Project MUSE is one of more than a dozen projects that make up Project Zero, a research program founded in 1967 by philosopher Nelson Goodman at the Harvard University graduate school of education.
The MUSE learning tools under development draw directly on the work of Howard Gardner, the Harvard psychologist best known for his theory of multiple intelligences. Gardner, the co-director of Project Zero, has identified at least seven types of intelligence--linguistic, logical/mathematical, visual/spatial, musical, bodily/kinesthetic, interpersonal, and intrapersonal. He argues that schools often emphasize the first two at the expense of the others.
Davis, herself an artist and former public school art teacher, describes Project MUSE as a "pen-pal collaboration." She and her research assistants invited 500 members of the American Federation of the Arts to take part in a survey. In the questionnaire, the researchers asked why people visit art museums, how they feel when they get there, and what they learn from their visit.
Hoping for at least 50 responses, the scholars were elated to receive 247. Similar invitations to about 1,800 K-12 educators generated responses from 234 teachers and 131 principals across the country.
With these responses in hand, the MUSE team set out to develop its learning tools--and then get more feedback. The researchers sent several tools to museum and K-12 educators across the country, asking them to try them out and send back a written evaluation.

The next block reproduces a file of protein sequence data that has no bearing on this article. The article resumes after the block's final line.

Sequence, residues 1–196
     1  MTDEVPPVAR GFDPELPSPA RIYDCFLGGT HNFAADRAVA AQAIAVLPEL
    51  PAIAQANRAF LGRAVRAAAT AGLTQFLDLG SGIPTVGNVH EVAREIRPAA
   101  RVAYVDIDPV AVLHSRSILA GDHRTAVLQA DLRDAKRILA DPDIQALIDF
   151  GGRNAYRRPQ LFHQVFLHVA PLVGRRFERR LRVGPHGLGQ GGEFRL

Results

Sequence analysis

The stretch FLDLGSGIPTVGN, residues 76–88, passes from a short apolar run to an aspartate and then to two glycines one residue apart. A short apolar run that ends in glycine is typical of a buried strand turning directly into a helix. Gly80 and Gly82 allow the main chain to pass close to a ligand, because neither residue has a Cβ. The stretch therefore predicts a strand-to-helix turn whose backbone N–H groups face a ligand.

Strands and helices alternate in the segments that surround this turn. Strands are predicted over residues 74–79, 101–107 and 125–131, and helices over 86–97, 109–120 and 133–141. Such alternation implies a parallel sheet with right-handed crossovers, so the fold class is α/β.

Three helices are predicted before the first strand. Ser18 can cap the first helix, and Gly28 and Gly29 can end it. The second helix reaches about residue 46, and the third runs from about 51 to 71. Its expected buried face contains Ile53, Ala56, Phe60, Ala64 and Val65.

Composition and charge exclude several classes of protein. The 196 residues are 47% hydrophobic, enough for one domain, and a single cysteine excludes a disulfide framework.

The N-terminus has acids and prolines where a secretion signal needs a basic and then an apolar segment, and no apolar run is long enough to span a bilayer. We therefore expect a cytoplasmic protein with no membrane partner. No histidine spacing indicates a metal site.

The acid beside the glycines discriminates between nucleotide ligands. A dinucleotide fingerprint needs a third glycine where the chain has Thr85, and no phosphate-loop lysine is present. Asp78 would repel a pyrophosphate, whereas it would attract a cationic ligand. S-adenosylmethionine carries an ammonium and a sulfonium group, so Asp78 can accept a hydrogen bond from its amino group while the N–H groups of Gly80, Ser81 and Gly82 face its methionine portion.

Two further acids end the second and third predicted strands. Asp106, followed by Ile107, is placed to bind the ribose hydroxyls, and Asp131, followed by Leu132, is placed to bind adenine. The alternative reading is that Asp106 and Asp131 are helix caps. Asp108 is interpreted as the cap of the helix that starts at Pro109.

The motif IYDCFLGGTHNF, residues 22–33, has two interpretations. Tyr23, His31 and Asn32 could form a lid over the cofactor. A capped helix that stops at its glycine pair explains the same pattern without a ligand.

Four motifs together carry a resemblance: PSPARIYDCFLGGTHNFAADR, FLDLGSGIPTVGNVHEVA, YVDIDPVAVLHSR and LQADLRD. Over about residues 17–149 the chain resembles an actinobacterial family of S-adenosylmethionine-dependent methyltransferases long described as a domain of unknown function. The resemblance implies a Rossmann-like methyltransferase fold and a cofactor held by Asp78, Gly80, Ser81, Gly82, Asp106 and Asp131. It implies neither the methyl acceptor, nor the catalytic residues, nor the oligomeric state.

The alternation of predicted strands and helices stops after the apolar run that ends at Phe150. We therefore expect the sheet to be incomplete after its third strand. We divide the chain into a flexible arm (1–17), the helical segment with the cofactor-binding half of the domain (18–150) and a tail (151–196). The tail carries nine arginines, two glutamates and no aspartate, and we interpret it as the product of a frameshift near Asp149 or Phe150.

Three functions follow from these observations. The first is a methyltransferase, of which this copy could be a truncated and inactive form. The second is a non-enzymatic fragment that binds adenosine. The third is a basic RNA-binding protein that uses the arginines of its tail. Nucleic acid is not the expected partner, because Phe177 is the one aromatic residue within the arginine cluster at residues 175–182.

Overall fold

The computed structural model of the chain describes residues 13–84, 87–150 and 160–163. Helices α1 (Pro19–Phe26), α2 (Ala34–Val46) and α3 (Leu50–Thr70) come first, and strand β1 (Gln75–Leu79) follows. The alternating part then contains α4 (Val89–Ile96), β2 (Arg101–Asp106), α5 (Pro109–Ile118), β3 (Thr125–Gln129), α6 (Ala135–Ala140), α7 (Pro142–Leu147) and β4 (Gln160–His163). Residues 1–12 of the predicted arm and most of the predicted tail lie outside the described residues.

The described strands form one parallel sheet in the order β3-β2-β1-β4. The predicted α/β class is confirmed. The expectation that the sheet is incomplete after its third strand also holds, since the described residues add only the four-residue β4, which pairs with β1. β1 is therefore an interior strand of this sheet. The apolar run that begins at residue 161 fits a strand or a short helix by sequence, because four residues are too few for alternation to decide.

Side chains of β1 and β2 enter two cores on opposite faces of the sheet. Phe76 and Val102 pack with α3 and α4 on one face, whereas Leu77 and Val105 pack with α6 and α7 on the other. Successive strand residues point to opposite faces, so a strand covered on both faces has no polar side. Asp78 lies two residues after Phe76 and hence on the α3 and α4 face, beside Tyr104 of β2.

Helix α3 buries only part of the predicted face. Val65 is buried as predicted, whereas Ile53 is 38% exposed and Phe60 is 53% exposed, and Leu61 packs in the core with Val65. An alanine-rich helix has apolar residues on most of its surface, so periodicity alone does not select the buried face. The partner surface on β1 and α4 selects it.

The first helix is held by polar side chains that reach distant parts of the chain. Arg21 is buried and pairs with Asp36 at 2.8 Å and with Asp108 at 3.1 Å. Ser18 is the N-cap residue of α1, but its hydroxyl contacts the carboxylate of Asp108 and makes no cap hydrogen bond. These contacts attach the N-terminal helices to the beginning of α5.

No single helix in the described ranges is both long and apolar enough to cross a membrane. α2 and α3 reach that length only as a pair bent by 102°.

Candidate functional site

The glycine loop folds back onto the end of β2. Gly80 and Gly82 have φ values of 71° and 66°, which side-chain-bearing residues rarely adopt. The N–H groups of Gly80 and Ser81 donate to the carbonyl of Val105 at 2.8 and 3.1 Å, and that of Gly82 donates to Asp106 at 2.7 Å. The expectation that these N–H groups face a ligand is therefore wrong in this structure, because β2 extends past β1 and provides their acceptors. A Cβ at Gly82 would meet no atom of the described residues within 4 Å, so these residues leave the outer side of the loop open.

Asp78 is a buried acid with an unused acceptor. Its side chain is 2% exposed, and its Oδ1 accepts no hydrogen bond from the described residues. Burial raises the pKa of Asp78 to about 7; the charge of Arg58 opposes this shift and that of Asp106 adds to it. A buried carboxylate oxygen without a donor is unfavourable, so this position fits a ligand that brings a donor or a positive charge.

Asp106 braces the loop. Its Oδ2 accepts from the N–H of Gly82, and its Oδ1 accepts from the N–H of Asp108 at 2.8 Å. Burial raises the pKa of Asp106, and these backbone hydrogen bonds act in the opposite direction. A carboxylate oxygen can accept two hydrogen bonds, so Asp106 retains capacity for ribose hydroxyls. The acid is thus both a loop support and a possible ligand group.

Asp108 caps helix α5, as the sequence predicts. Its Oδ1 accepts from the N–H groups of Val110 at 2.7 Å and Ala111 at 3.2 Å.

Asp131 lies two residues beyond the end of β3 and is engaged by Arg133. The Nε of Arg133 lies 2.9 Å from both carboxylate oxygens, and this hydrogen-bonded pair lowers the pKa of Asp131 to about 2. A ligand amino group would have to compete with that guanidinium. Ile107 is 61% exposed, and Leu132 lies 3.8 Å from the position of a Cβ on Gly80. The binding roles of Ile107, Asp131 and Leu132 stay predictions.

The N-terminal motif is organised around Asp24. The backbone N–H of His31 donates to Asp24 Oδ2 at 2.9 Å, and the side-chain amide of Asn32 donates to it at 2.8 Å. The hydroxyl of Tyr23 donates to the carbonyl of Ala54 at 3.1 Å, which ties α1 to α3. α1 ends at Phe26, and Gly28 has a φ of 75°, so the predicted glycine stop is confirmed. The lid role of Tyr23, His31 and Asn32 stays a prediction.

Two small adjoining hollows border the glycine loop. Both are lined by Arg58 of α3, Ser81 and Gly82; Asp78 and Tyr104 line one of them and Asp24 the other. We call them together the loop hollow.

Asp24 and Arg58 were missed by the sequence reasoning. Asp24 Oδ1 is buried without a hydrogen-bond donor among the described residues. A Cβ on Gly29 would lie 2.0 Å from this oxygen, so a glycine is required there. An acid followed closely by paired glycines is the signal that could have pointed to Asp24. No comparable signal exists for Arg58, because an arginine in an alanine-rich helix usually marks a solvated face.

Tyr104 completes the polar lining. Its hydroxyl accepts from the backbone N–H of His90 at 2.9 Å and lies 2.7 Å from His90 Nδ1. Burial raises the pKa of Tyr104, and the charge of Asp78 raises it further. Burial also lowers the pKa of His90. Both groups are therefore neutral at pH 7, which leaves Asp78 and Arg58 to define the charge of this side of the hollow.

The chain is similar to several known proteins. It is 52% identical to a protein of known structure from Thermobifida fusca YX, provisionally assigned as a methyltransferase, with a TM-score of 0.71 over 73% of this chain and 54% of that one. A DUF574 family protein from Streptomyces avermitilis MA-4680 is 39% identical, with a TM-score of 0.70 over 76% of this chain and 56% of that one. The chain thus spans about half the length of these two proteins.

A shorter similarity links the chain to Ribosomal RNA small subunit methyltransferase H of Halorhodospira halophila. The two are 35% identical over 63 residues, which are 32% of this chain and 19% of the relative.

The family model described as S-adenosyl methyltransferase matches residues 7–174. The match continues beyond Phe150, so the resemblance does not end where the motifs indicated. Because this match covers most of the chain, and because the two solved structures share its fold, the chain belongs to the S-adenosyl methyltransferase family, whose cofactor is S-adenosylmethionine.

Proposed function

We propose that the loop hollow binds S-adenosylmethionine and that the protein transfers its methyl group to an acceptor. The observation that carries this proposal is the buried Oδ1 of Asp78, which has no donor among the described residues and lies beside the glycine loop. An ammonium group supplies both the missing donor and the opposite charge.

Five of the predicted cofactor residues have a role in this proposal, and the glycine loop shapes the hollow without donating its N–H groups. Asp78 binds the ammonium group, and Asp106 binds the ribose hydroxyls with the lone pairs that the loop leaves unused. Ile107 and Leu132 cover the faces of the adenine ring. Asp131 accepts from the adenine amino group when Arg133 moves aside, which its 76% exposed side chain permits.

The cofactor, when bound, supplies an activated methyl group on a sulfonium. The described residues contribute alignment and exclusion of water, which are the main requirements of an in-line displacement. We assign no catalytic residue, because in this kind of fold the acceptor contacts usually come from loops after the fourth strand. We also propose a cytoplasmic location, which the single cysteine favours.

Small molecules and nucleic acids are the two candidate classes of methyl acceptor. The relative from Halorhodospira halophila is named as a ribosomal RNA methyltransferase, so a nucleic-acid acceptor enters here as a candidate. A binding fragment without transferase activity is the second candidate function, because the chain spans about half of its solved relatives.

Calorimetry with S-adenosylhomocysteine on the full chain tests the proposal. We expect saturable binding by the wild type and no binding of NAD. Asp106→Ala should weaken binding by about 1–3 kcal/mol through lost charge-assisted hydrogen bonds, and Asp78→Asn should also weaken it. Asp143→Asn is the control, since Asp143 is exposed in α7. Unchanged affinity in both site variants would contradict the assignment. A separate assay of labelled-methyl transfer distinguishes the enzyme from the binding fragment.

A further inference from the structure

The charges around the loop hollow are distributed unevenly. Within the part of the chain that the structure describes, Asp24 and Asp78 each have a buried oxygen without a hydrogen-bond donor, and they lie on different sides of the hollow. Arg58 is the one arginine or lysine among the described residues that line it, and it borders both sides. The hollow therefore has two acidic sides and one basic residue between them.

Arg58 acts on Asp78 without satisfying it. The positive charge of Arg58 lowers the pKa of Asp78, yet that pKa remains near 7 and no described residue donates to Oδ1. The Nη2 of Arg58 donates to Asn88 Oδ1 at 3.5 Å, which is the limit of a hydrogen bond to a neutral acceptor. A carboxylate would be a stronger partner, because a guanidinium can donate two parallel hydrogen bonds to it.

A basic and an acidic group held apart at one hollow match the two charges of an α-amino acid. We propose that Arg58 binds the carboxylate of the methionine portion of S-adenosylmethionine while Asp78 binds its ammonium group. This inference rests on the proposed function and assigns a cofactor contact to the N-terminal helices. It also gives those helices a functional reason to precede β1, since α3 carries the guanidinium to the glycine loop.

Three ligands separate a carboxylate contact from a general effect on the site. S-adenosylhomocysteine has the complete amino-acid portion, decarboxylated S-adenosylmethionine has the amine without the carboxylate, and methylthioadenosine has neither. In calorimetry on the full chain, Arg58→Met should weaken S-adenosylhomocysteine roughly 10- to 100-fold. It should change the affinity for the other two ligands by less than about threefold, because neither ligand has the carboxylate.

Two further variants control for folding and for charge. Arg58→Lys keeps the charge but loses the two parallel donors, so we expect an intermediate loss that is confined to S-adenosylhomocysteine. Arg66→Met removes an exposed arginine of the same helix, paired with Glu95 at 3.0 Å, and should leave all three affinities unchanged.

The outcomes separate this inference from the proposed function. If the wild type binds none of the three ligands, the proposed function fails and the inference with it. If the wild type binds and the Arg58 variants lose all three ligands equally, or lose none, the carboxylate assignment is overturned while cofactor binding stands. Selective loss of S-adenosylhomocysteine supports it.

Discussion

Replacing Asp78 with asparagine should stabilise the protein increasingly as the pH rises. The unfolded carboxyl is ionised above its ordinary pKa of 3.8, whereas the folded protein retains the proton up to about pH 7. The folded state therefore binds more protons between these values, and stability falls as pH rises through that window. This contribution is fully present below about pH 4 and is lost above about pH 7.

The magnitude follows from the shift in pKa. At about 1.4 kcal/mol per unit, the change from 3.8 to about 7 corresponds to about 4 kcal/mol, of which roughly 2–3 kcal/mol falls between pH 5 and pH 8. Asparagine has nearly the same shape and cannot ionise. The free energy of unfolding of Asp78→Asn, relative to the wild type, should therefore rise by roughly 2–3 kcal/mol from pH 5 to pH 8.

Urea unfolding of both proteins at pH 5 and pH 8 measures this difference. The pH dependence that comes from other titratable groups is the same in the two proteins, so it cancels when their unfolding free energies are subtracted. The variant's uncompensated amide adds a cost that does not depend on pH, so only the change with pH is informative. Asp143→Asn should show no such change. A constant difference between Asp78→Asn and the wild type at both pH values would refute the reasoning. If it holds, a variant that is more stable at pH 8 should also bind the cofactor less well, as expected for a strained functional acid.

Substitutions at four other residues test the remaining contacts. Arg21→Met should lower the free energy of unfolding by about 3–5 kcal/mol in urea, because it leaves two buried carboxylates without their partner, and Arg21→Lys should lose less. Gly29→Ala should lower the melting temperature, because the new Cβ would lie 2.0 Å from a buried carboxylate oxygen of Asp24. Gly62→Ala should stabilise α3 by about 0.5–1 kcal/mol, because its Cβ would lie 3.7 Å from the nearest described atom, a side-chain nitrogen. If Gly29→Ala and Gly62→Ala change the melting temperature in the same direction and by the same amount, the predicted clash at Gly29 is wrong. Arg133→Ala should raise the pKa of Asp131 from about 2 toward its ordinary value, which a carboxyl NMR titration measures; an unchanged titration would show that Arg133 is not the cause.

One of the exercises, known as the "generic game," poses a series of questions about art that move from the simple to the complex. First, players decide whether they like a particular work of art. Then, they examine the painting or sculpture's external details. "What colors do you see in it?" the game booklet reads. "Take turns listing the objects that you see. What is going on in the painting?"
Next, the questions shift from the artwork itself to the ideas it represents. Viewers are asked whether they see any connections between the artwork and things in their own life, and how it may relate to other works in the museum.
One morning last month, the Harvard researchers visited a 4th-grade class at a Dorchester, Mass., elementary school that has been using another MUSE learning tool for the past year. Davis and her three research assistants arrived at the Sarah Greenwood Elementary School armed with mounted art reproductions spanning a variety of subjects, styles, and periods. Each sat down with a small group of students and passed out a set of five construction-paper windows listing questions or activities related to a particular entry point.
One group gazed intently at "Pool Parlor," a work painted by the African-American artist Jacob Lawrence in 1942. All Davis told them about the painting was the name of the artist and that the original work hangs in a New York City museum.
"I see a lot of balls," observed Roselyne Bodkin as she used the aesthetic window. "I see cigarettes--bad for you. Men, no women." She paused a moment while she wrote that down. "How do you spell cigarettes?" she asked Davis.
Her classmate Terrence Young was writing a story about the painting for the experiential window. "Once upon a time, a bunch of men gathered together to go to the bar," he wrote. "All the men got together in the bar and played pool. All of them became friends, and they were friends forever. The men always met each other on a Saturday night."